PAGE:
Hidden Graves Revealed with Geophysics Tools

mass grave in Bosnia
Workers examine remains at a mass grave in eastern Bosnia in 2004. (Image credit: Polargeo)

Convicting a murderer can be hard if there's no body, but new research may help authorities to better detect human remains hidden underground, in clandestine graves.

Thousands of missing people that have been tortured and killed may be buried in such secret graves, the researchers say. By simulating human graves by burying dead pigs under a variety of conditions, and then monitoring the graves using geophysical methods such as radar, researchers could improve the ability to find hidden bodies.

"We're trying to improve current detection rates of clandestine murder victims," said team member Jamie Pringle, of Keele University in the United Kingdom.

Finding buried bodies can be crucial to solving cases, as well as providing closure for victims' families. Pringle and his colleagues said they hope to develop better techniques not only for finding bodies, but also for determining the time of death and time of burial, among other details. [8 Grisly Archaeological Discoveries]

Pringle and his colleagues have used these techniques to study simulated clandestine graves previously. In one study, the researchers compared their ability to detect naked pigs versus ones wrapped in a plastic cloth.

Measurements of the electrical conductivity of burial site soil gave clues about the extent of decomposition. If a burial is fresh, the fluids are more conductive, Pringle said. The naked pigs were easier to detect than the ones wrapped in plastic, the study showed.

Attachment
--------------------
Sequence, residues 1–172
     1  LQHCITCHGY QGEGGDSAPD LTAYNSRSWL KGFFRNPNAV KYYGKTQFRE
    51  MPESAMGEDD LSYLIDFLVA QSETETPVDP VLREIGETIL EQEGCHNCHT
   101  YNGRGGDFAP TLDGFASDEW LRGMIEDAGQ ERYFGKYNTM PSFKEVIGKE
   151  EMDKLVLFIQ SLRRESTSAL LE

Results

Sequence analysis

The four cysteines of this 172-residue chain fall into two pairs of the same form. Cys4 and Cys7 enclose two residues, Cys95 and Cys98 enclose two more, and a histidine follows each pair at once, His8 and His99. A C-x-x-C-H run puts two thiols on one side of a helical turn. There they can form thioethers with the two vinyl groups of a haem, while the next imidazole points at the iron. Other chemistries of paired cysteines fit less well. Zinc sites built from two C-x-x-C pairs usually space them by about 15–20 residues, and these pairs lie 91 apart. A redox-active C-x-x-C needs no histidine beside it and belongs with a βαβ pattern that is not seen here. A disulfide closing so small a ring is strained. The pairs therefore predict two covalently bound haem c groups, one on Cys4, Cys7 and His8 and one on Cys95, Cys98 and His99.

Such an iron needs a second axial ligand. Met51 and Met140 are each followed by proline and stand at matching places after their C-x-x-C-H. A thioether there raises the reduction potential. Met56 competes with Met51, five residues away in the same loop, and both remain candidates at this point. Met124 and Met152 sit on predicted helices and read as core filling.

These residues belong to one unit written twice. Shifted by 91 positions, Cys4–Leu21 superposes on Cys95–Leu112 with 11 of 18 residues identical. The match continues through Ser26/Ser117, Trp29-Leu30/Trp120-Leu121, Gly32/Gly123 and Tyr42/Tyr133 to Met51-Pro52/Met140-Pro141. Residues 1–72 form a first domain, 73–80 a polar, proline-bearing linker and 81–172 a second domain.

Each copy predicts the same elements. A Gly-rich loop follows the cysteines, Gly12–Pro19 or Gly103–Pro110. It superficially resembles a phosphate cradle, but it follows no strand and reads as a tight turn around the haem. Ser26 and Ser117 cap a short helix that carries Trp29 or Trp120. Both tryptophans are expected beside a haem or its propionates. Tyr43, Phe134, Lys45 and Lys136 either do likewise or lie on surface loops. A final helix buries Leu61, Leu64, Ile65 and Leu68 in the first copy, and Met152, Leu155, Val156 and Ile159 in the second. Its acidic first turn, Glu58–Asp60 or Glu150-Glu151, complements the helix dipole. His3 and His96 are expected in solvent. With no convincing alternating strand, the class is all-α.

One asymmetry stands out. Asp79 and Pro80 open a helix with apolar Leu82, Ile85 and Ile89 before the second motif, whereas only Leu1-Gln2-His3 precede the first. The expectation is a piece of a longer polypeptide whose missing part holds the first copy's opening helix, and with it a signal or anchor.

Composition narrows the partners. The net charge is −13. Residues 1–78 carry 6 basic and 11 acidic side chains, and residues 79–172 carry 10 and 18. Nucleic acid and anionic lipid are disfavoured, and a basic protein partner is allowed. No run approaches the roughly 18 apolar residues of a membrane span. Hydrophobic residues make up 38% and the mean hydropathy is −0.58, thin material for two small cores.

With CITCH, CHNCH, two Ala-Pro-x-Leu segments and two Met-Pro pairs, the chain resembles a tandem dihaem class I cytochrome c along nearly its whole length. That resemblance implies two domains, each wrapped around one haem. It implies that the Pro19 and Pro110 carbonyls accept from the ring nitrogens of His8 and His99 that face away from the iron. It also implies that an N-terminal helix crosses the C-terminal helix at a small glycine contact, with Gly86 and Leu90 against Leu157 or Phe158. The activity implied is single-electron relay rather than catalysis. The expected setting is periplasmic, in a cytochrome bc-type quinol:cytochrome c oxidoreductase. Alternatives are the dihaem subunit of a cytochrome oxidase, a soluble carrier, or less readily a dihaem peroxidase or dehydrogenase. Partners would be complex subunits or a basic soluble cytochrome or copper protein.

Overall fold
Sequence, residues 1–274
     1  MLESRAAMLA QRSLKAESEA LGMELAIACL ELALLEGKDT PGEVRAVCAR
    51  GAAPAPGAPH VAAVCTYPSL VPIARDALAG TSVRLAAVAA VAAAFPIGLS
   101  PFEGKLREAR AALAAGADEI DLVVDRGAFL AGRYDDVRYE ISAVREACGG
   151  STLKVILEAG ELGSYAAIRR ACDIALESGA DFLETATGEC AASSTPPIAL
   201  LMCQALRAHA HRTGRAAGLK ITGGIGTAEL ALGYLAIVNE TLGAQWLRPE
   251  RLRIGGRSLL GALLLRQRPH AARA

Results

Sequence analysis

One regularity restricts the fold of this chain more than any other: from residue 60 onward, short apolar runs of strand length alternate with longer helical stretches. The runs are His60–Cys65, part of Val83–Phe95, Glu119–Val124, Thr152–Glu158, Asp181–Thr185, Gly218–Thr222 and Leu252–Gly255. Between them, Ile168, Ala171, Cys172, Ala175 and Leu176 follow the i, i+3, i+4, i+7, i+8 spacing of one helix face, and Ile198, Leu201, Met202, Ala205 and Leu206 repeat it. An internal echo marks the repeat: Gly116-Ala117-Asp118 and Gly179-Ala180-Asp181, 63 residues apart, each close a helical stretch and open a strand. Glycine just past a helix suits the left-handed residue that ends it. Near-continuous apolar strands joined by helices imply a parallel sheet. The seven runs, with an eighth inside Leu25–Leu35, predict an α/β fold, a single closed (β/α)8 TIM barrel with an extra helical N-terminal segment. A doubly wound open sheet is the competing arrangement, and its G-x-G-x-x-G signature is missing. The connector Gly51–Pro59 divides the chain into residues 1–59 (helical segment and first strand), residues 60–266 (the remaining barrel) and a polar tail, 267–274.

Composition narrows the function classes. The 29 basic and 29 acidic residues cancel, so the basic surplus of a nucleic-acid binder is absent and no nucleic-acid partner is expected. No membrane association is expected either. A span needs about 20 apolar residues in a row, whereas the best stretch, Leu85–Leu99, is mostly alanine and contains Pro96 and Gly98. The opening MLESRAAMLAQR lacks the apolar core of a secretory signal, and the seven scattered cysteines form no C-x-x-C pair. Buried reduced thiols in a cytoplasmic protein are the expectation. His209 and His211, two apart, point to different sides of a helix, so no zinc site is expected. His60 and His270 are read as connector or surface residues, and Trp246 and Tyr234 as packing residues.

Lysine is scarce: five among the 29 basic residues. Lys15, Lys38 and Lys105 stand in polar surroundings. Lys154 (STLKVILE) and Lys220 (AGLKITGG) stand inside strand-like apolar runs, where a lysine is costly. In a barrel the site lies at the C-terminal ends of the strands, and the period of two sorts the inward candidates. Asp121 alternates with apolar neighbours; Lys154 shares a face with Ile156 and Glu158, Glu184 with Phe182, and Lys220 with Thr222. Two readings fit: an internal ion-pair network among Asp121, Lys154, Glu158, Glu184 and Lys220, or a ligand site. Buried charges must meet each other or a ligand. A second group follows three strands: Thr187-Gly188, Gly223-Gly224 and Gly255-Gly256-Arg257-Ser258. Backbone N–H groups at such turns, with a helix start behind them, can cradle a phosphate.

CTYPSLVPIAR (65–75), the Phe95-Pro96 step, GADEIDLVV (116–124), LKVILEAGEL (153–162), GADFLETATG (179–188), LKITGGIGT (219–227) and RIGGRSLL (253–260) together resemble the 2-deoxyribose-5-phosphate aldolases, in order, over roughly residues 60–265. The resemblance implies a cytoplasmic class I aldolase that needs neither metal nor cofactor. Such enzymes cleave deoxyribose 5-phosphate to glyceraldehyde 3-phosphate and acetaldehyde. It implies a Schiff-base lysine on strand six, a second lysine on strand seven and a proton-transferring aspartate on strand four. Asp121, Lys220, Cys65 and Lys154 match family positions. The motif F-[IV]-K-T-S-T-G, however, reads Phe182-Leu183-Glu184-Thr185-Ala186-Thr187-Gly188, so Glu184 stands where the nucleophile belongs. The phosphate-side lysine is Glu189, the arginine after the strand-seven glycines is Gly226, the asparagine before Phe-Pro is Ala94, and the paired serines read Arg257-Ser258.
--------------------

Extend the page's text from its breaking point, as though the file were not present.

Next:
A technology called ground-penetrating radar, which lets scientists see underground, yielded clear signatures of the dead bodies. Again, the naked pigs were more easily detected than the wrapped ones.

The results of that work also showed that the signs of a hidden body vary with the soil type, and climate.

For the researchers' newest project, they plan to bury pigs in Colombia in simulated secret graves, under eight scenarios of different soil types and climates. The team will survey the graves at regular intervals over 18 months, using ground-penetrating radar, electrical conductivity probes and magnetic sensors.

Geophysical tools have proven useful in several real human cases, such as finding the so-called Disappeared people in Northern Ireland, thought to have been killed by the Irish Republican Army. Other ongoing research aims to detect mass graves from Spain's civil war.

Traditional techniques for finding dead bodies include using metal detectors, large-scale excavations, and cadaver dogs to sniff out buried bodies based on the compounds released during decomposition. The new geophysical methods are in the early stage of development.

"There's no magic wand you can waive and find something," Pringle said. "We're trying to do rigorous research in real environments to figure out what methods work best."

Pringle's colleague will present the work today (May 14) at a geophysics research meeting in Cancún, Mexico.

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Tanya Lewis
Staff Writer
Tanya was a staff writer for Live Science from 2013 to 2015, covering a wide array of topics, ranging from neuroscience to robotics to strange/cute animals. She received a graduate certificate in science communication from the University of California, Santa Cruz, and a bachelor of science in biomedical engineering from Brown University. She has previously written for Science News, Wired, The Santa Cruz Sentinel, the radio show Big Picture Science and other places. Tanya has lived on a tropical island, witnessed volcanic eruptions and flown in zero gravity (without losing her lunch!). To find out what her latest project is, you can visit her website.